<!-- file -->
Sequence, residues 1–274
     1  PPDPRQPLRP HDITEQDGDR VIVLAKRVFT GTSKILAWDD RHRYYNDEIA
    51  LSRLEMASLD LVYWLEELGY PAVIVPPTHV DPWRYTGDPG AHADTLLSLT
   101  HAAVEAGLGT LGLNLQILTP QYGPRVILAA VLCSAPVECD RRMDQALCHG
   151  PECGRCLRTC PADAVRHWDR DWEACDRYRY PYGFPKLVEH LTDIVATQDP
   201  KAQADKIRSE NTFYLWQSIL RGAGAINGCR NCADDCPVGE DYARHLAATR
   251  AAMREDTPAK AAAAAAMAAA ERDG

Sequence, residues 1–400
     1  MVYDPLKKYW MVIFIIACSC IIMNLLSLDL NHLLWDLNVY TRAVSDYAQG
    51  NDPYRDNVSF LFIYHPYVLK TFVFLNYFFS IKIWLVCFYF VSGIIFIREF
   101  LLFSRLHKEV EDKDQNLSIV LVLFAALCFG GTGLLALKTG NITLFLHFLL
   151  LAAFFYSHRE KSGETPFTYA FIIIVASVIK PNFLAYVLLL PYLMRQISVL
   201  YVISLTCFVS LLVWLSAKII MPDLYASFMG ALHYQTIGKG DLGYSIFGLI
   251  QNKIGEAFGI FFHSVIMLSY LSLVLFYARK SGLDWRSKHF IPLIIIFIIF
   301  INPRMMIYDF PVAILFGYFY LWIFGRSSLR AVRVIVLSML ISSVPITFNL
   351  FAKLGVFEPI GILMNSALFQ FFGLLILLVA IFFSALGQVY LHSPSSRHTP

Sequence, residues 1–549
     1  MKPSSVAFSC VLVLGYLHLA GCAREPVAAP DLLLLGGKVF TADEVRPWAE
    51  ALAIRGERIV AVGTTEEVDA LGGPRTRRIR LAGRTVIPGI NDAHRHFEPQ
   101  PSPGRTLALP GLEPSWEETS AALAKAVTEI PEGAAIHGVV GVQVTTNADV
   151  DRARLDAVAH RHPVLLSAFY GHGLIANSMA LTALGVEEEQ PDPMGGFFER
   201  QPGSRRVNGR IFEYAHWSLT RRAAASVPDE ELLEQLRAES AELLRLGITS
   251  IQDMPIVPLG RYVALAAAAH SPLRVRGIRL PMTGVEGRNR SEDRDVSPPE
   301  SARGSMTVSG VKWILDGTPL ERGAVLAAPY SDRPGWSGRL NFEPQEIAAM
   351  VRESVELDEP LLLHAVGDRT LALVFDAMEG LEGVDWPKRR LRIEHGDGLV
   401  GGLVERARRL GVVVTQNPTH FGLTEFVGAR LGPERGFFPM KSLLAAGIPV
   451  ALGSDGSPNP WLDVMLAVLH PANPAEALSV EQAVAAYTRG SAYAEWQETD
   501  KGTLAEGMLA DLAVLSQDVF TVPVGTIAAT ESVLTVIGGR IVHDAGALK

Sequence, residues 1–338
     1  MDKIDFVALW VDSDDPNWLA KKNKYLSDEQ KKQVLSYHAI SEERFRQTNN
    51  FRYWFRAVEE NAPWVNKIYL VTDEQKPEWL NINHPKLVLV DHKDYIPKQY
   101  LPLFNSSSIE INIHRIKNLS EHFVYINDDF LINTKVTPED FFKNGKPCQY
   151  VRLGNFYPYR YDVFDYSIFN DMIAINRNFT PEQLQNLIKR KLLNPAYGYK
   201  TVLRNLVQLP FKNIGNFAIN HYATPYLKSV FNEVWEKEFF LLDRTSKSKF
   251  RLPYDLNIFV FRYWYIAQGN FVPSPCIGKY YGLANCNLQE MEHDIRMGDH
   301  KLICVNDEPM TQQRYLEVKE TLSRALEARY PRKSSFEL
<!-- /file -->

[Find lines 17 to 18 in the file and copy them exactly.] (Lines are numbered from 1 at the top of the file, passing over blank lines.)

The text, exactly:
Sequence, residues 1–549
     1  MKPSSVAFSC VLVLGYLHLA GCAREPVAAP DLLLLGGKVF TADEVRPWAE